Historical Prejudices of 1971 War
Shamsa Ashfaq
12/20/2012

 

As a Pakistani, and I would say a very proud Pakistani; I have always felt “bad” about the so called atrocities committed by Pakistan army in Bangladesh. I have read and researched a lot on the causes of important wars, the reasons behind them and the atrocities committed. 1971 war fought and lost by Pakistan Army was definitely one of the topics that intrigued my interest. I researched and have concluded that more than a war fought on ground it was a political war where secessionists supported Indians to break Pakistan into two parts.

Many Bengalis emotionally condemn Pakistan Army for all those alleged atrocities and killings of 300,000 people in 1971 war that led to the dismemberment of Pakistan. Of late, I have seen demands of an apology from Pakistan for its alleged atrocities in the 1971 war coming from some all-around commentators and experts even Bangladeshi Prime Minister Sheikh Hasina Wajid as well. As a person I too condemn every inhumane act even if it is conducted in wars but as far as the case of 1971 war is concerned it should be taken into consideration that as with most wars, the narrative of 1971 has largely been written by the victors. Thus partisan mythologies continue to imprison the remaining actors. In this backdrop, I find there is a need to understand a few dynamics of the war to rectify this bias
First and foremost aspect to remember is that IT WAS A WAR. On 3rd March 1971, General Yahya Khan announced that government will be formed only when there is a consensus, which was non existent at that time. Sheikh Mujib delivered his famous fiery address on March 7th, 1971 and stopped just short of declaring independence. Law and order situation was out of hands and army was called in to take over. Bengali students got involved in military training activities and were often sighted with weapons of any kind they could lay their hands on. What do you expect of an army in the world to do in that case?
Today, what the Bengalis call genocide, in fact, was an organised mass scale massacre of Pakistanis by the Indian-sponsored Mukti Bahini and hired teams of Indian trained mercenaries. Notwithstanding the facts, the Bangladeshi historians wrongly claim that Pakistan army mercilessly killed 300 students in Dhaka University on 15-16 March, 1971. Well, if that was the case then why did the monument in Dhaka university name only 149 students killed? It was because the other 151 were trained Mukti Bahini people. And Sheikh Mujib who then relies on crying out loud that Pakistan army has killed innocent unarmed people should have bothered to check the mass grave and brought the video proofs of that “massacre” in front of the world. He did not do that because it was far easier to pin it on Pakistan army rather than looking into facts, right? So much so that Bangladesh is free since 1971 but they have never bothered to conduct an inquiry into the facts so that truth be told to the world. Aren’t these facts sufficed to rectify the wartime partisan myths?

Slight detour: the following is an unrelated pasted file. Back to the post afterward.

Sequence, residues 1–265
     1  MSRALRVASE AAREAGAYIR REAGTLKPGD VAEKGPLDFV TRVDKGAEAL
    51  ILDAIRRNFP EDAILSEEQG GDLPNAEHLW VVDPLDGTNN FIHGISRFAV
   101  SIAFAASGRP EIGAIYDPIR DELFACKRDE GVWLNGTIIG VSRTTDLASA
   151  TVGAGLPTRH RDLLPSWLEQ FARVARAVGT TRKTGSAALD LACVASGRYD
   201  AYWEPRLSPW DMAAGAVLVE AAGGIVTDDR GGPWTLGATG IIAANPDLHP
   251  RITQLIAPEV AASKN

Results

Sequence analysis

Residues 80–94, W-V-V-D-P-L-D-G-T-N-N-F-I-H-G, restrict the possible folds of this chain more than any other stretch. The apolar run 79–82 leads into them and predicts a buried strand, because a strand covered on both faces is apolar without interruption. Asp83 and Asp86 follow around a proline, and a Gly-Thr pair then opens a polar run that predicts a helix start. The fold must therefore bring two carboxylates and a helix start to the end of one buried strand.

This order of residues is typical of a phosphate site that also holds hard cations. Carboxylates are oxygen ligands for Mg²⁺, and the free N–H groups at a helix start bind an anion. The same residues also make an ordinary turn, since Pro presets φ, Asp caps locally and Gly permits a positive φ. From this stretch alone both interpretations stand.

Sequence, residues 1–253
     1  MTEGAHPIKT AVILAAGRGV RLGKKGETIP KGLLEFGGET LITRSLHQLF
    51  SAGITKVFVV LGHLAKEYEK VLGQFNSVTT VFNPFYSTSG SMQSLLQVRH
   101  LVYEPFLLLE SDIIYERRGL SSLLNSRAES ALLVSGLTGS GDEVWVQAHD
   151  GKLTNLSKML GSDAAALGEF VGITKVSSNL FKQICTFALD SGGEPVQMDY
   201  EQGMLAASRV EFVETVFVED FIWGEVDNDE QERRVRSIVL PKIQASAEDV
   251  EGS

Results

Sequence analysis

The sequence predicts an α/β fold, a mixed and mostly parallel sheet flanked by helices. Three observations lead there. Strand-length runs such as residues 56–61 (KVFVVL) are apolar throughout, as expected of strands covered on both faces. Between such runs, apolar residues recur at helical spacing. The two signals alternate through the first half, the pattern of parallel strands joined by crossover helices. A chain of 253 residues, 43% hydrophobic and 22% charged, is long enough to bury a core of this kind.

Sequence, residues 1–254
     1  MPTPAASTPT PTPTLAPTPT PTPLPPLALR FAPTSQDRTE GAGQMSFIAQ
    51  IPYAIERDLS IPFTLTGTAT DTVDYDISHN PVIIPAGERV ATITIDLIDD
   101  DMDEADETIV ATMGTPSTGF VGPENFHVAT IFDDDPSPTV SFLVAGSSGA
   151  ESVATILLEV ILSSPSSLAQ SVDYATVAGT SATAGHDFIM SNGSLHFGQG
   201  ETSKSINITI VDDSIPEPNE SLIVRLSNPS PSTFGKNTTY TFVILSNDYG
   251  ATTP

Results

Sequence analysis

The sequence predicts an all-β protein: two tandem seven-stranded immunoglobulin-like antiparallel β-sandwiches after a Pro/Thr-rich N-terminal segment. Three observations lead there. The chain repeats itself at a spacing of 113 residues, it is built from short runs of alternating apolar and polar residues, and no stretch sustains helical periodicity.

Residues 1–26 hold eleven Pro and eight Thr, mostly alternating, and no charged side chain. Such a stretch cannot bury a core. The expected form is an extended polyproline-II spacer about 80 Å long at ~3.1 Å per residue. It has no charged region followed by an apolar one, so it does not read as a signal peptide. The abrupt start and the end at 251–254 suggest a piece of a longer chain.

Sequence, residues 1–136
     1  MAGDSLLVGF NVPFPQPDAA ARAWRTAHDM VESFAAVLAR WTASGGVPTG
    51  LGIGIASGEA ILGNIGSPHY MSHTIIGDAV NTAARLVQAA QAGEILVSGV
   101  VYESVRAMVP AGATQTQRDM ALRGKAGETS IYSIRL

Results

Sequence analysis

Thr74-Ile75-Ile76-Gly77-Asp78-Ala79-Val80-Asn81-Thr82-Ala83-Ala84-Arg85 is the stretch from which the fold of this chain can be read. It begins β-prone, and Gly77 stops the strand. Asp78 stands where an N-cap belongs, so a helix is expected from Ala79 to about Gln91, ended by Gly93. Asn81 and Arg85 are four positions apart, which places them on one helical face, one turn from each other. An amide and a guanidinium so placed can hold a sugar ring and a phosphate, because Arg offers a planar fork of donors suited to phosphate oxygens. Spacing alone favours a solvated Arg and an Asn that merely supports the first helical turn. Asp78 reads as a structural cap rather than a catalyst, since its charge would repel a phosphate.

History is testimony to the fact that it was Sheikh Mujib’s Awami League that had entered into an agreement with India seeking latter’s help to secede the Bengali dominated eastern wing from West Pakistan. Evidently, the entire national narrative of Bangladesh's quest for nationhood needs to be investigated. It is known to many that Sheikh Mujib-ur-Rehman's Awami League used scare tactics, direct threats and in some cases outright violent reprisals against other Bengali parties and independent candidates prior to the elections before the war so that it could position itself as the only party looking out for the rights of the Bengalis. The Awami League, harassed other political candidates by threatening their families (resulting in many of them standing down), its militant-wing threatening voters who dared to support other Bengali parties who differed from Awami League's militant outlook. The eastern wing of the then Pakistan was not oblivious to this; they saw it all unfolding. Their reluctance to hand-over power to a militant-Bengali-nationalist party is worth more than just being brushed off as 'arrogance'.